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  • The Order of Fontevrault was founded about 1too by Robert of Arbrissel, who was born in the village of Arbrissel or Arbresec, in the diocese of Rennes, and attained great fame as a preacher and ascetic. The establishment was a double monastery, containing a nunnery of 300 nuns and a monastery of 200 monks, separated completely so that no communication was allowed except in the church, where the services were carried on in common; there were, moreover, a hospital for 120 lepers and other sick, and a penitentiary for fallen women, both worked by the nuns.

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  • The special feature of the institute was that the abbess ruled the monks as well as the nuns.

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  • At the beginning the order had a great vogue, and at the time of Robert's death, 1117, there were several monasteries and 3000 nuns; afterwards the number of monasteries reached 57, all organized on the same plan.

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  • The nuns in England as in France were recruited from the highest families, and the abbess of Fontevrault, who was the superior-general of the whole order, was usually of the royal family of France.

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  • The prefix of the name of the town is derived from a priory of nuns founded here in 1150.

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  • Immediately below Rolandseck in mid-river is the island of Nonnenwerth, on which is a nursing school under the conduct of Franciscan nuns, established in 1850.

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  • A convent school of the Ursuline nuns is a prominent feature on a hill to the south.

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  • There have been Basilian nuns from the beginning, St Macrina, St Basil's sister, having established a nunnery which was under his direction.

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  • The nuns are devoted to a purely contemplative life, and in Russia, where there are about a hundred nunneries, they are not allowed to take final vows until the age of sixty.

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  • The cope belonged to the convent of Syon near Isleworth, was taken to Portugal at the Reformation, brought back early in the 19th century to England by exiled nuns and given by them to the Earl of Shrewsbury.

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  • The Nuns.

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  • - In the foregoing sketch nothing has been said concerning the nuns; and yet in all ages women, hardly less than men, have played their part in monasticism.

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  • It is a curious coincidence that the sister of each of the three great cenobitical founders, Pachomius, Basil and Benedict, was a nun and ruled a community of nuns according to an adaptation of her brother's rule for monks.

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  • In the West the Benedictine nuns played a great part in the Christian settlement of north-western Europe.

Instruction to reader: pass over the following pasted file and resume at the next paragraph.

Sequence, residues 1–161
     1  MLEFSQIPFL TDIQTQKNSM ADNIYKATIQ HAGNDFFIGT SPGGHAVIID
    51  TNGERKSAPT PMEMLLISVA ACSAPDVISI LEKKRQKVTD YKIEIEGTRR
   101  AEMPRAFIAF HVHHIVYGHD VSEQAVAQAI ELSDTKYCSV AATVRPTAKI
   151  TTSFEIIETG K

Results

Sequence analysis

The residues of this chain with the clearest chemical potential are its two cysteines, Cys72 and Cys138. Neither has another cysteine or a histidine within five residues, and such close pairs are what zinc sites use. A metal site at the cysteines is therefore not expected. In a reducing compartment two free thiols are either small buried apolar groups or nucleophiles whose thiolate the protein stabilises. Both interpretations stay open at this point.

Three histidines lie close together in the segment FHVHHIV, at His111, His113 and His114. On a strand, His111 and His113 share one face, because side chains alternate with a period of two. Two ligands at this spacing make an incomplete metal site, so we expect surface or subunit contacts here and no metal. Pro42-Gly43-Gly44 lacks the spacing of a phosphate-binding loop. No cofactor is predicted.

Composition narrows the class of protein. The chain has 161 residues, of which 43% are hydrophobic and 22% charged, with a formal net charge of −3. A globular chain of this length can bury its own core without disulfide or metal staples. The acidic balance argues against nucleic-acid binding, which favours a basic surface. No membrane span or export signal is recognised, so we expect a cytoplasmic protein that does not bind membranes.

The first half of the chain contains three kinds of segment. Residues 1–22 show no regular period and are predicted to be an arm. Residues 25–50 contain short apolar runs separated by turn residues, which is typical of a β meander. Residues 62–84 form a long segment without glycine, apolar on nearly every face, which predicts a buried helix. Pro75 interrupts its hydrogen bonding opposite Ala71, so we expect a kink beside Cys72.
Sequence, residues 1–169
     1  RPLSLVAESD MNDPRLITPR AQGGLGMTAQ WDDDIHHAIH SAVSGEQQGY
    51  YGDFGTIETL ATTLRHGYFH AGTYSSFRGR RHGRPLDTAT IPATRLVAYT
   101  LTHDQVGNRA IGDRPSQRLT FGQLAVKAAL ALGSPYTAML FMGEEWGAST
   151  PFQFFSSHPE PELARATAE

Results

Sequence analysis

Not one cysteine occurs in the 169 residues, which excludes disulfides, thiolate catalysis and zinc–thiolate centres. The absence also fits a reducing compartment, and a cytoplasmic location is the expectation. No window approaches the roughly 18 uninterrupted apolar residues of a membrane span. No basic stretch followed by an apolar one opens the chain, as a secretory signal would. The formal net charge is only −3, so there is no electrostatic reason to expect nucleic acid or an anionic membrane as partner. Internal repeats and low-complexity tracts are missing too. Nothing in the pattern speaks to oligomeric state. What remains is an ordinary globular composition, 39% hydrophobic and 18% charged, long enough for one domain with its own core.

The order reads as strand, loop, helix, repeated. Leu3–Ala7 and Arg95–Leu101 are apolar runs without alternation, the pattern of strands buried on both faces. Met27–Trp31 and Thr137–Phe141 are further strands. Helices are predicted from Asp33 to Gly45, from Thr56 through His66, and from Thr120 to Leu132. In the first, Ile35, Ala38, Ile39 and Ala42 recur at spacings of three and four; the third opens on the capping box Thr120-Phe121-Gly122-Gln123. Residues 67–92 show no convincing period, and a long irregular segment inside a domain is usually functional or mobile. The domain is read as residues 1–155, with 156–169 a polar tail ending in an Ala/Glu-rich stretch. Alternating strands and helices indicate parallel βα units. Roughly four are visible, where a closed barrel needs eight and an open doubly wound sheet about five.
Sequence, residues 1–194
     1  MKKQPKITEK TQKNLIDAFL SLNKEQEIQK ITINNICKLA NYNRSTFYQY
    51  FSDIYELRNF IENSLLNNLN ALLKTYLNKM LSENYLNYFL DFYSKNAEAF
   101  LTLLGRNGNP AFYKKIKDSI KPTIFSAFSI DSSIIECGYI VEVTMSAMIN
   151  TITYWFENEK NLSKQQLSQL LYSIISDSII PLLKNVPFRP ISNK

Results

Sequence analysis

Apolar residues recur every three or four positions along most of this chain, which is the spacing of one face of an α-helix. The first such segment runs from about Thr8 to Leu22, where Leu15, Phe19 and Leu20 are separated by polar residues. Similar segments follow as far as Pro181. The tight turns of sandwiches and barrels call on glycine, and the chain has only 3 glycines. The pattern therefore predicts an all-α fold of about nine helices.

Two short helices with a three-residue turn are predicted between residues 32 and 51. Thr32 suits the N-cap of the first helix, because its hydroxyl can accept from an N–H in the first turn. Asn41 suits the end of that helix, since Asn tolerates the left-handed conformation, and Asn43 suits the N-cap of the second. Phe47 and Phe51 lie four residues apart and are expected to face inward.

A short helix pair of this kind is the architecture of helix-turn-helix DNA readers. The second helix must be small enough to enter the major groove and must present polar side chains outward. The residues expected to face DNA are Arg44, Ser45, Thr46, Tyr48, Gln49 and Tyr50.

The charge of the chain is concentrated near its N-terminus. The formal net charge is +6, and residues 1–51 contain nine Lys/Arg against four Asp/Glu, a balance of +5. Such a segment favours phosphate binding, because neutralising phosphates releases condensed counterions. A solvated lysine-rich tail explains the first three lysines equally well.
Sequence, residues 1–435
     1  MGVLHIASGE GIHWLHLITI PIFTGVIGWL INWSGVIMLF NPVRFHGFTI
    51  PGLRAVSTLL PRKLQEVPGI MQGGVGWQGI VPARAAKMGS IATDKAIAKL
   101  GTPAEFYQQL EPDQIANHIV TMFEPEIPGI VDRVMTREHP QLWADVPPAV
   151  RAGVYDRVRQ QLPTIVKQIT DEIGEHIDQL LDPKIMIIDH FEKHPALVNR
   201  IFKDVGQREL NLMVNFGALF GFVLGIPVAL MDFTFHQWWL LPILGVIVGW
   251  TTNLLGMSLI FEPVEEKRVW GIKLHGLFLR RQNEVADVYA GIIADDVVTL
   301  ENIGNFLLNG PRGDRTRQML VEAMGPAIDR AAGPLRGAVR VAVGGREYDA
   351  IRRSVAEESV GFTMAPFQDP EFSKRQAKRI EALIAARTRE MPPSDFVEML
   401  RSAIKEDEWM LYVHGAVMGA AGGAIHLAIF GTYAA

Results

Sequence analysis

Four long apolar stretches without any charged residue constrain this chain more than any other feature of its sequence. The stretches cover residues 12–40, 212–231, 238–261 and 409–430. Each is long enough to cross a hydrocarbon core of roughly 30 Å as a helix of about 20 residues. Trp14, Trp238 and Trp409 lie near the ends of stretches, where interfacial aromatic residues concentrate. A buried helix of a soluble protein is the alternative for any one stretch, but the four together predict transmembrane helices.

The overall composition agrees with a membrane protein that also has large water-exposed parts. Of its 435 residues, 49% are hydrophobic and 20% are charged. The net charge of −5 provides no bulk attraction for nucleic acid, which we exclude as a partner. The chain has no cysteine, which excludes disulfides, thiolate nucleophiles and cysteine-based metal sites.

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  • As the various monastic and mendicant orders arose, a female branch was in most cases formed alongside of the order; and so we find canon.esses, and hermitesses, and Dominicanesses, and Franciscan nuns [or Clares (q.v.)] - requisite information will be found in the respective articles.

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  • Then there were the " double orders " of Sempringham (see ST Gilbert) and Fontevrault, in which the nuns were the predominant, or even the dominant, element.

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  • Of the modern orders of men only a few include nuns.

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  • The great majority of these modern congregations of women follow the Augustinian rule, supplemented by special constitutions or by-laws; such are the Brigittines, the Ursulines and the Visitation nuns: others follow the rule of the third order of the Franciscans or other Mendicants (see Tertiaries).

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  • In early times nuns could go out of their enclosure on occasion; but in the later middle ages, up to the council of Trent, the tendency was to keep them more and more strictly confined within their convent precincts.

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  • In 1609 an English lady, Mary Ward, founded at Munich the " Institute of Mary," the nuns of which were not bound to enclosure.

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  • As women are debarred from exercising the spiritual functions of the ministry, it follows that nuns have to devote themselves either to a more purely contemplative life, or else to a more wholly active one, than is usual among the orders of men, who commonly, in virtue of their priesthood, have been able to find a mixed form of life between the two extremes.

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  • The nuns belonging to the older orders tend to the contemplative idea, and they still find recruits in sufficient numbers, in spite of the modern rush to the active congregations.

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  • At first they were called "Brothers and Sisters of the Order of Penance"; but later on, when the Friars were called the "First Order" and the nuns the "Second Order," the Order of Penance became the "Third Order of St Francis" - whence the name Tertiaries: this threefold division already existed among the Humiliati.

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  • The abbey of Gandersheim was founded by Duke Ludolf of Saxony, who removed here in 856 the nuns who had been shortly before established at Brunshausen.

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  • In America are some convents of Olivetan nuns.